• Fill seed trays with a moistened, well-draining seed starting medium.
  • Soak seeds for several hours before planting. (This step is optional; soaking speeds up germination slightly.)
  • Place seeds on top of the medium and cover lightly with medium or grit. Agapanthus seeds need exposure to light for germination.
  • Water lightly and place in a sunny location with temperatures between 68 and 86 degrees Fahrenheit.
  • Keep soil moist but not wet.
  • Germination occurs in about one month. Move sprouts to a cooler location (around 58 degrees Fahrenheit) but maintain bright light.
  • Once the root structure is well-developed, pot up into 12-inch pots or plant out in the garden after the final frost.

Potting and Repotting 

A good tip for proper care of potted agapanthus is to divide the plants on a regular basis. In general, agapanthus plants don’t mind being snugly planted in a pot. However, they appreciate being divided every few years to encourage new growth and increase blooms.

Overwintering

Agapanthus are tough plants but winter hardiness is a challenge, so it’s important to verify the cold hardiness of your plants, Evergreen agapanthus is unlikely to tolerate cold winter weather and should be either heavily mulched or grown in pots and moved indoors for overwintering. It’s best not to overwinter them outdoors unless you live in USDA hardiness zones 9 and 10.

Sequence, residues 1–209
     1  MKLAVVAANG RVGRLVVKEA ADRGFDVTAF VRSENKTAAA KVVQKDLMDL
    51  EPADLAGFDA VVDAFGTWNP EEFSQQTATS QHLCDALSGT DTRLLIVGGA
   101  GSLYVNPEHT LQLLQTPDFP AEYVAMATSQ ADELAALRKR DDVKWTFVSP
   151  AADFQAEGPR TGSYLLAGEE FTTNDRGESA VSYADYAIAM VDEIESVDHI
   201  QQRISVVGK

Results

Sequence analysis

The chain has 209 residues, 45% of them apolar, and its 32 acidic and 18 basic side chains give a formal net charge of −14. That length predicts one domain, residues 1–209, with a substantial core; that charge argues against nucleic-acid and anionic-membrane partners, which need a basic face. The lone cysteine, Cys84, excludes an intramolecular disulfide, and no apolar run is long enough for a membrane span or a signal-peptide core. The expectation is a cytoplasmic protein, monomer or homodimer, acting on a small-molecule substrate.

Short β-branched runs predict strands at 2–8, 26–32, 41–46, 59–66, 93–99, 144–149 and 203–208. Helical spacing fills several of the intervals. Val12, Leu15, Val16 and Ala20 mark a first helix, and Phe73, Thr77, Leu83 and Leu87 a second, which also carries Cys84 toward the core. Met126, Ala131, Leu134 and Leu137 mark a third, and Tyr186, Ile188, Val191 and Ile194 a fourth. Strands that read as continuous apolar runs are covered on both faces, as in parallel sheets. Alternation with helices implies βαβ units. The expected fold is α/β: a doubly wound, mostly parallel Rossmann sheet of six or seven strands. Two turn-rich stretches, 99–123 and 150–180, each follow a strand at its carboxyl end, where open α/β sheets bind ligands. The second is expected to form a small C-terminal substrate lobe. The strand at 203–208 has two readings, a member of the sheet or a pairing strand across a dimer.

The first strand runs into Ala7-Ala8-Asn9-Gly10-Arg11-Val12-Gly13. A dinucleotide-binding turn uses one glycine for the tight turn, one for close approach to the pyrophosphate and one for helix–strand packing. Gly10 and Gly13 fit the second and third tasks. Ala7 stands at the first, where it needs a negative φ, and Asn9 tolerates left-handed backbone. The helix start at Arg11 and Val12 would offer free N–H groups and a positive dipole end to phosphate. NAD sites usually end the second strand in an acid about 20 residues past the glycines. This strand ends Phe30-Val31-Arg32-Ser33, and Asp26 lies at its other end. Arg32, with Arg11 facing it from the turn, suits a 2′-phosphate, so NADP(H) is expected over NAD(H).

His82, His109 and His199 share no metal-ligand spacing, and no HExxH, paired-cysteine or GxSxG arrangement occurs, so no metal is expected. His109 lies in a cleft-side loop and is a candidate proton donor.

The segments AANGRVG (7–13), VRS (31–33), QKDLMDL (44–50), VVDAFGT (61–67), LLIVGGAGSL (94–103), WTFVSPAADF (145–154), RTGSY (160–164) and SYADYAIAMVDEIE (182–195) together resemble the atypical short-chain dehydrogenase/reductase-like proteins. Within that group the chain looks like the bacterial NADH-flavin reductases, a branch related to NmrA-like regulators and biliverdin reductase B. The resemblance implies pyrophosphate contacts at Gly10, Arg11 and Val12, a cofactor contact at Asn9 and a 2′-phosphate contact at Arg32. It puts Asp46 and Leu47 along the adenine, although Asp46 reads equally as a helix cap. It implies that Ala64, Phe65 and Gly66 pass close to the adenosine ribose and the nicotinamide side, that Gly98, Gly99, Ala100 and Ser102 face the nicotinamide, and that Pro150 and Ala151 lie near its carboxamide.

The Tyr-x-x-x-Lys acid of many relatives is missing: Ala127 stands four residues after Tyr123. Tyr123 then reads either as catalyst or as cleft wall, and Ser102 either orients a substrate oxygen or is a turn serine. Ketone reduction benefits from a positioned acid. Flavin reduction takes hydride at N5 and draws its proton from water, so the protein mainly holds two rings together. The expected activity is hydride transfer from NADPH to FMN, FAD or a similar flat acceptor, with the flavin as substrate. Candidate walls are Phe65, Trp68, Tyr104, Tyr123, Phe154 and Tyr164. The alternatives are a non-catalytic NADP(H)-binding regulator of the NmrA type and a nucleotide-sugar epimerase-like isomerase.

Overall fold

Deciduous, semi-evergreen, and half-hardy varieties have different degrees of cold tolerance. Deciduous agapanthus is considered half-hardy to USDA zone 6 but some hybrids might keep their leaves through winter if there’s not much frost. Rhizomes can be lifted in autumn after leaves die back, stored, and replanted in spring. Add heavy mulch to plants grown in the garden or move potted plants to a sheltered location. Water is reduced or withheld during winter months.

To store agapanthus tubers, let them cure for several days to dry. Then wrap them in newspaper and store in a cool, dark location. The ideal storage temperature is 40 to 50 degrees Fahrenheit.

Pests and Diseases

Common Pest & Plant Diseases

Agapanthus are seldom bothered by insects but can attract aphids, mealy bugs, and red spider mites. A strong spray with a hose can knock them off the plant. Treat severe infestations with horticultural or neem oil.